Karina Barriga Albring
Blooming flowers and a piercing blue sky make it almost impossible to ignore that spring is here at Keene State College. However, although the spring fever proves to be healthy rather than harmful, a dangerous trend has started at the college: chemical bombs. Recently, 11 homemade chemical bombs were identified either on campus or in the surrounding areas of Keene State College, according to the Keene Police log.
From the middle of March to the end of April, Keene Police Department and Campus Safety have reported six homemade bombs reported on campus and five found off campus. According to Amanda Warman, director of Campus Safety at KSC, there are currently no registered injuries.
According to KPD Lieutenant Christopher Stewart, the exploding bottles found are homemade bombs. “[The bombs are] generally made of household chemicals that can be purchased in local stores. These are shaken in a capped container. Because of the chemical reaction, the container shawls and explodes,” Steward explained
Local authorities have expressed concern about public safety regarding to the exploding bottles.
“Someone could get really hurt. If the device hasn’t gone off, the explosion could hurt them. Even if it [a bomb] has already exploded, there are dangerous chemicals that could cause harm if they come in contact with the skin or eyes,” Stewart stated.
Stewart went on to suggest that if anybody sees what could be a bottle bomb, they shouldn’t approach the device, and they should report it to KPD immediately.
A press release by the Keene Fire Department stated that the explosions can cause injuries or death to persons in the immediate vicinity of the detonation.
“Chemical reaction bombs don’t have a timer to set or a fuse to light, and you can’t predict exactly when it will explode. If the device functions properly, its contents should begin to bubble after they’re combined, and the container may swell before it bursts. The whole process generally takes a minute to begin,” the press release read.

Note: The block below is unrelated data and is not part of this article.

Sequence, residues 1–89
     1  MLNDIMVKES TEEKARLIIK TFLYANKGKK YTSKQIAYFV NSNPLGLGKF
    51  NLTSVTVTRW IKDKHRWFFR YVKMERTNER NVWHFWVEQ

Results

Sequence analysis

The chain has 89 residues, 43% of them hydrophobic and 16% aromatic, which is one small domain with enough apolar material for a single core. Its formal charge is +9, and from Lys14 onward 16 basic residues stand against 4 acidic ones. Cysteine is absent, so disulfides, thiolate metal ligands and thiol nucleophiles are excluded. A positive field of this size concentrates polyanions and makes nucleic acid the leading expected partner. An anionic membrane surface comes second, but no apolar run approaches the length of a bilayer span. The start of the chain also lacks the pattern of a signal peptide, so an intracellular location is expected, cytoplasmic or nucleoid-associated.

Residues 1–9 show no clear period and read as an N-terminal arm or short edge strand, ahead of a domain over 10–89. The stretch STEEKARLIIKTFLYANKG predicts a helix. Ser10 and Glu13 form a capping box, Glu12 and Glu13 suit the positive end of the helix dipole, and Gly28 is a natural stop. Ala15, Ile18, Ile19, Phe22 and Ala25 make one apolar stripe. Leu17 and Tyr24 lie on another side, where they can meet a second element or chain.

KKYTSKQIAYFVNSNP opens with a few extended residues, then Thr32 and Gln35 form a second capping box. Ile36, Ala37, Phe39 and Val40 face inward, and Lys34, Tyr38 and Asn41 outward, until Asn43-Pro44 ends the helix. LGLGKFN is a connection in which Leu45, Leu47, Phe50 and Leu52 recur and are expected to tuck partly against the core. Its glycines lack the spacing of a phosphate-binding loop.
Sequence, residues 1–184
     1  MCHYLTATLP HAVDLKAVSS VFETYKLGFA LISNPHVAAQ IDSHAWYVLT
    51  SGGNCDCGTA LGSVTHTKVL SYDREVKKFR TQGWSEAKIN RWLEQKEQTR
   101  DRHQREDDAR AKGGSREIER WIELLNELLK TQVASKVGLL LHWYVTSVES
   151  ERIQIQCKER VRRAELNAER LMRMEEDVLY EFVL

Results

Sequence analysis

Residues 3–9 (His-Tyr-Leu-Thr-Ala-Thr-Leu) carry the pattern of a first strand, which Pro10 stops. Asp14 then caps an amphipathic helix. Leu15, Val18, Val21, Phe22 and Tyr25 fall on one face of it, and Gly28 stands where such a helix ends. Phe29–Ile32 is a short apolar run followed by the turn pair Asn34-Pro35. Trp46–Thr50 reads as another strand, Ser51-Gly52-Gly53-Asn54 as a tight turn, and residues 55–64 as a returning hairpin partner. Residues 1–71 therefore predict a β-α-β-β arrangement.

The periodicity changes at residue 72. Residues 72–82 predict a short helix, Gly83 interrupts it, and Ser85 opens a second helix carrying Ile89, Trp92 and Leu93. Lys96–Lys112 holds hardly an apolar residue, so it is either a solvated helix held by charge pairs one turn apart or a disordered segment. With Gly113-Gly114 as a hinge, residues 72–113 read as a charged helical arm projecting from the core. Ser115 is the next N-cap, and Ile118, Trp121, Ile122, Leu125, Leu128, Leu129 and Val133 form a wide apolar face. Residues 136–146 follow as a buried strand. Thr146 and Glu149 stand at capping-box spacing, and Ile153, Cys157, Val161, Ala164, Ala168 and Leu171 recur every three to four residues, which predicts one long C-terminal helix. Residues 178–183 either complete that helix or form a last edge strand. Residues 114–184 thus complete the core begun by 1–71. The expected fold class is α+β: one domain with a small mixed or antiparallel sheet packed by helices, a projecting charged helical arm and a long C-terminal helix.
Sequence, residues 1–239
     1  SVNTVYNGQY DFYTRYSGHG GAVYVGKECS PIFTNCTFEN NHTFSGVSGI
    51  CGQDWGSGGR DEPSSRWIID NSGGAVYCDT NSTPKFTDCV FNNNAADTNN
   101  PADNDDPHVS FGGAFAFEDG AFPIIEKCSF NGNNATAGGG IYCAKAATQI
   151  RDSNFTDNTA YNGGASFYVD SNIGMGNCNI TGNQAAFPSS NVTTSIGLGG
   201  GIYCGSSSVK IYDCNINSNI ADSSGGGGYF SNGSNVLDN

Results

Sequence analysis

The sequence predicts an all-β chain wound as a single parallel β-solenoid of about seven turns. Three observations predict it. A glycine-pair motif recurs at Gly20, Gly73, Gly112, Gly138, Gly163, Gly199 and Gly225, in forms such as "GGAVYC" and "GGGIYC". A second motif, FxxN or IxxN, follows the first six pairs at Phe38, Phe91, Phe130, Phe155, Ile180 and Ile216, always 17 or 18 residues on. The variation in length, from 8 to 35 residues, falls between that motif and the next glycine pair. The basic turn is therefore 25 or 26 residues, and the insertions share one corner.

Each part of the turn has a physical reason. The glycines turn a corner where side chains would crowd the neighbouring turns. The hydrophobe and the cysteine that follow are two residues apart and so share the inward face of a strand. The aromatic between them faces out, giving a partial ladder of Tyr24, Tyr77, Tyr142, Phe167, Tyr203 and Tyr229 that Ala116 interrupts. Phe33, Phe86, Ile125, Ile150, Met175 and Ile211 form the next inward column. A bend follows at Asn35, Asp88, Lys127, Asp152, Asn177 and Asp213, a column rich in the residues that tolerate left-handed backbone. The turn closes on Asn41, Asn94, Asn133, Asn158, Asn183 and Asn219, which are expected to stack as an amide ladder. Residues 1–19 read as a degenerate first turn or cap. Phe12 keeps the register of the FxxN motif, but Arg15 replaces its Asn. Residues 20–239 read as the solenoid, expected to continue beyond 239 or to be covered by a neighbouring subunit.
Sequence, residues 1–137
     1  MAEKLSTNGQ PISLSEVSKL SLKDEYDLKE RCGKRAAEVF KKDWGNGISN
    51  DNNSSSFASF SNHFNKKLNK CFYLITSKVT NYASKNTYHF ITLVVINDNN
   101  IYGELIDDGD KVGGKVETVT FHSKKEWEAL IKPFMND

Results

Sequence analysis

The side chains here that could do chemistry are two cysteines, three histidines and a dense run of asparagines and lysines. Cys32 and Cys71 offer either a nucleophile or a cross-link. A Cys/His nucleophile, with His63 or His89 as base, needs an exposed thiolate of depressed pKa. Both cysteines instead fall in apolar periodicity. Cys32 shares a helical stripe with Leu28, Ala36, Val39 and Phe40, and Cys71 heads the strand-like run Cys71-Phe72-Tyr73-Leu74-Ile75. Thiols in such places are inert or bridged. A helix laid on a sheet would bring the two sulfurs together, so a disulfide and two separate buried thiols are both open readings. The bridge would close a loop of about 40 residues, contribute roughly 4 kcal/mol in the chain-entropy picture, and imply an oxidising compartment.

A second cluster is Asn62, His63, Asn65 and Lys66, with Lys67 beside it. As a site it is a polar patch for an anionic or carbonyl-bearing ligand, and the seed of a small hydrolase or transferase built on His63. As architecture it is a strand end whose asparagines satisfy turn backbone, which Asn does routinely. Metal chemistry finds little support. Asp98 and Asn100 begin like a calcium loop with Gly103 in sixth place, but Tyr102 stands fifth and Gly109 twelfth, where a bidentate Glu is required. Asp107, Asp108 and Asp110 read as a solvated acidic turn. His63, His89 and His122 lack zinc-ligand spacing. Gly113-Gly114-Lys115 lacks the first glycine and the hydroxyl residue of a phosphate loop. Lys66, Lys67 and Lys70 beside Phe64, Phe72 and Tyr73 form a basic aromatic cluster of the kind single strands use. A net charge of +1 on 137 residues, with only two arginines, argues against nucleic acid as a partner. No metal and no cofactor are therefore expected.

Warman said she believes the devices may have been placed by “someone that doesn’t intend to do a lot of damage, but is definitely not aware of how this [homemade bombs] can affect other people.”
Recently two men were severely injured in Eastern Oregon by an exploding bomb, according to an article in OPS News published on April 17. Also, in British Columbia, Canada, a man was taken to the hospital after a homemade bomb exploded and burnt his face and chest Friday, April 26, according to Metro News.
Last week in Keene, the number of incidents significantly increased. On Wednesday, April 24, the Keene Police Department responded to six calls related to the homemade exploding bottles in different locations, one of them on campus, specifically behind the Owl’s Nest.
Stewart indicated the increasing number of cases is new to Keene. “This has happened before, but this is definitely the biggest number we have had in such short period of time,” Stewart said.
Currently, KPD has made no arrests in the cases of the exploding bottles. Stewart said the cases are still under investigation and that no motive has been identified.
Stewart said he couldn’t comment specifically on whether the cases were related to each other. Warman said, “It is difficult to know. It could be the same individual or group or different. There could be copycat effect happening, someone that saw it [homemade bombs] on T.V or in a different location and tried to imitate.” Warman said this is the first time home bombs have been placed in KSC since she has been in the college.
According to Stewart, there is no evidence that relates the exploding bottles to KSC students. “We work with Campus Safety. We know that many bombs have been placed on campus, but we don’t know that they are necessarily tied to students,” Stewart said. Warman said, “We don’t know if it is students, friends of students or even local kids who are doing this.”
Stewart said if an arrest is made regarding to the exploding bottles, the person could face charges of criminal mistress, reckless conduct or possession of an infernal machine, which is a class A felony in the state of New Hampshire and can result in up to ten years in jail.
Anyone with information about the bottle bombs is asked to call Keene Police at 357-9813.
Karina Barriga Albring can be contacted at